Open Access
BIO Web Conf.
Volume 9, 2017
40th World Congress of Vine and Wine
Article Number 03011
Number of page(s) 6
Section Economy and Law
Published online 04 July 2017

© The Authors, published by EDP Sciences 2017

Licence Creative CommonsThis is an Open Access article distributed under the terms of the Creative Commons Attribution License 4.0 (

1. Introduction

From the sensible changes in the consumption habits of Brazilians, the emerging Brazilian economy and the great increase of the middle class [1], the Brazilian consumer started to buy products that had not consumed before due to the greater purchasing power [2], mainly fine and sparkling wine.

This change was perceived in several sectors, such as in the wine market and also organic products. In the Brazilian wine sector, there was a significant increase in the marketing of imported fine wines and national sparkling wines and decrease in table wines between 2010 and 2016, according to Chart 01. The production of grape juice may be one of the causes of the decrease in marketing of table wine, which in Brazil are produced from the same grape variety – Vitis Rupestris, Vitis Labrusca and hybrids of vitis sp.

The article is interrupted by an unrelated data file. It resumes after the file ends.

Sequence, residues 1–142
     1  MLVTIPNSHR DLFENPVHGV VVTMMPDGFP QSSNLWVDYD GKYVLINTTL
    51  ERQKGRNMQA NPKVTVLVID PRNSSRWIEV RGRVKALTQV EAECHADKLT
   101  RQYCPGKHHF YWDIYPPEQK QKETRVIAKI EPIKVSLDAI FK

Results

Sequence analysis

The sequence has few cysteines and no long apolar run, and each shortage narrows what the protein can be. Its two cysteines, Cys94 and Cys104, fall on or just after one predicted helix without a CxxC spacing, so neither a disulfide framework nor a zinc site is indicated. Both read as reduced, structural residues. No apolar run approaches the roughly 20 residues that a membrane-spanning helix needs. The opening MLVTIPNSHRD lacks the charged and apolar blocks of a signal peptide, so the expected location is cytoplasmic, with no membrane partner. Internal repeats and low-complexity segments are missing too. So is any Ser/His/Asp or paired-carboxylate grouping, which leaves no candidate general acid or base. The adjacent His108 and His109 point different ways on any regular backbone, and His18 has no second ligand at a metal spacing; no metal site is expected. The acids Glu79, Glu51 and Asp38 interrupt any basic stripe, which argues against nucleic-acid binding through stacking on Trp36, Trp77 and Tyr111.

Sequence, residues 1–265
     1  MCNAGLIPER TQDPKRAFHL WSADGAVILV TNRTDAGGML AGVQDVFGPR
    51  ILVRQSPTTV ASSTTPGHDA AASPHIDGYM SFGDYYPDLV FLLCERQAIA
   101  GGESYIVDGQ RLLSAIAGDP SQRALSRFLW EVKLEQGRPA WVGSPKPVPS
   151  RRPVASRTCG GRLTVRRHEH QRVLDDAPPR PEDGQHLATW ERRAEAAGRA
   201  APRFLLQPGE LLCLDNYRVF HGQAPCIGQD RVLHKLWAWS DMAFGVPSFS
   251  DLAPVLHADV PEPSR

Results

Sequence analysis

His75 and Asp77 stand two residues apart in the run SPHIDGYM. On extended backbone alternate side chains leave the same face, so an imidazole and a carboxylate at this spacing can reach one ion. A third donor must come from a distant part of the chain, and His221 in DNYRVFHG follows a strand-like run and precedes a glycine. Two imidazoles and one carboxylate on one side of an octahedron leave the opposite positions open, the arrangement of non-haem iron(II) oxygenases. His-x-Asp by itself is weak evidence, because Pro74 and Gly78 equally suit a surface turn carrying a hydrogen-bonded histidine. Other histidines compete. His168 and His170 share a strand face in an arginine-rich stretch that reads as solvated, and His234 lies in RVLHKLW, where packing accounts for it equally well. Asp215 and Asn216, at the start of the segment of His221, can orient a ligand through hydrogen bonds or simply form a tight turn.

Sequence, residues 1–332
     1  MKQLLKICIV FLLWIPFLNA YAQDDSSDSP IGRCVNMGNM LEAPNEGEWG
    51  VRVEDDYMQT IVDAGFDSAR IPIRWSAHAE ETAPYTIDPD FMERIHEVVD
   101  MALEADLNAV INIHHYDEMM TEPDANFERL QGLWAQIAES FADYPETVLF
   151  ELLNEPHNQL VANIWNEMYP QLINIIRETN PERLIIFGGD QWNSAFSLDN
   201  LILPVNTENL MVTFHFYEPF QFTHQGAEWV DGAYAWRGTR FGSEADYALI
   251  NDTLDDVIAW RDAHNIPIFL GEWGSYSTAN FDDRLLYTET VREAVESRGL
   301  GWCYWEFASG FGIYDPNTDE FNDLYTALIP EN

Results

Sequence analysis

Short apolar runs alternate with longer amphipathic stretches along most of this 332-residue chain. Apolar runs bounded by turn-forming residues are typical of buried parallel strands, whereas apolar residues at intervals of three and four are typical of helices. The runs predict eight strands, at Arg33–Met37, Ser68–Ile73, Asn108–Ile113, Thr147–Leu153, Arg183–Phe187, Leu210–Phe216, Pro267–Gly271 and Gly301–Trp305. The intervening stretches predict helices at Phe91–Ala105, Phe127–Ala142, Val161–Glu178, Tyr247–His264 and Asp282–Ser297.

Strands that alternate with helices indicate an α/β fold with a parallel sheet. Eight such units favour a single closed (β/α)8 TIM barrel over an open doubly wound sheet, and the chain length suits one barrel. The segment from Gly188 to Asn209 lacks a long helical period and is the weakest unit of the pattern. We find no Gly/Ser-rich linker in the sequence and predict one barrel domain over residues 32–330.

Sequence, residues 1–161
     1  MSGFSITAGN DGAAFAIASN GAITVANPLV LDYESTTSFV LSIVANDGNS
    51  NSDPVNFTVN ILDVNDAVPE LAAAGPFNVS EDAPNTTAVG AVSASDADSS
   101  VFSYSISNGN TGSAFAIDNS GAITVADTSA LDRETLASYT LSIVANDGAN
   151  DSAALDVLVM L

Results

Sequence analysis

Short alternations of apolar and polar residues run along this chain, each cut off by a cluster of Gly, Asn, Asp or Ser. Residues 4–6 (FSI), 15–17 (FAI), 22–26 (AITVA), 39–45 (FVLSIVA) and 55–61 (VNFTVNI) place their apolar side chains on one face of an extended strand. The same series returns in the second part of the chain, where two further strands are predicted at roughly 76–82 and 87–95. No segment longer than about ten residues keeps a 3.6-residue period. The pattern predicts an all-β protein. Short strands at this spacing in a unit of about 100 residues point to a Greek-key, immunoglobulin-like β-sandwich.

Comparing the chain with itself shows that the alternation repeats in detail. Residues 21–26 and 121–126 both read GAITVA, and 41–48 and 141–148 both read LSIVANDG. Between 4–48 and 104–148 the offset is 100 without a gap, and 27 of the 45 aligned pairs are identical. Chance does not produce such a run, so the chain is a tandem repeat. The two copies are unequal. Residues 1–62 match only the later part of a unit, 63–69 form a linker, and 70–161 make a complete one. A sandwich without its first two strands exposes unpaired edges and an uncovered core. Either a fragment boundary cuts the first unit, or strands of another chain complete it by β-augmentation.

thumbnail Chart 01

Comparison between commercialization of table wines and fine wines in Brazil*

It is also important to note that in Brazil only fine wines produced from Vitis Vinifera varieties are imported. In Brazil, fine wine is seen as a more elitist product and consumed by a population with more income and education, while table wine is consumed by a smaller income parcel, presents characteristics of the varieties of grapes used and has more affordable prices [3].

In this sense, consumption of organic products is also increasing in developing countries [1]. These are consumers motivated by their environmental attitudes, which make them consume green products [4], such as organic foods. In Brazil, the organic production has grown more than 20% per year, but production still cannot meet the demand for these products, due, among other factors, to the quantity exported to Europe [5]. On the other hand, the trend in the consumption of organic wines still presents a challenge for the sector, which started in the production of organic grapes for wine processing in the 1990s.

These difficulties are resulting mainly by the climatic resistance of the vines, in particular the Vitis Vinífiera varieties. Due to the climate, these varieties are more susceptible to diseases and require more chemical inter- ventions [6]. As an alternative to the traditional system, organics it combines traditional methods with modern agricultural practices, crop rotation, diversification, better land use, such as green and animal fertilization, and natural pest control [7].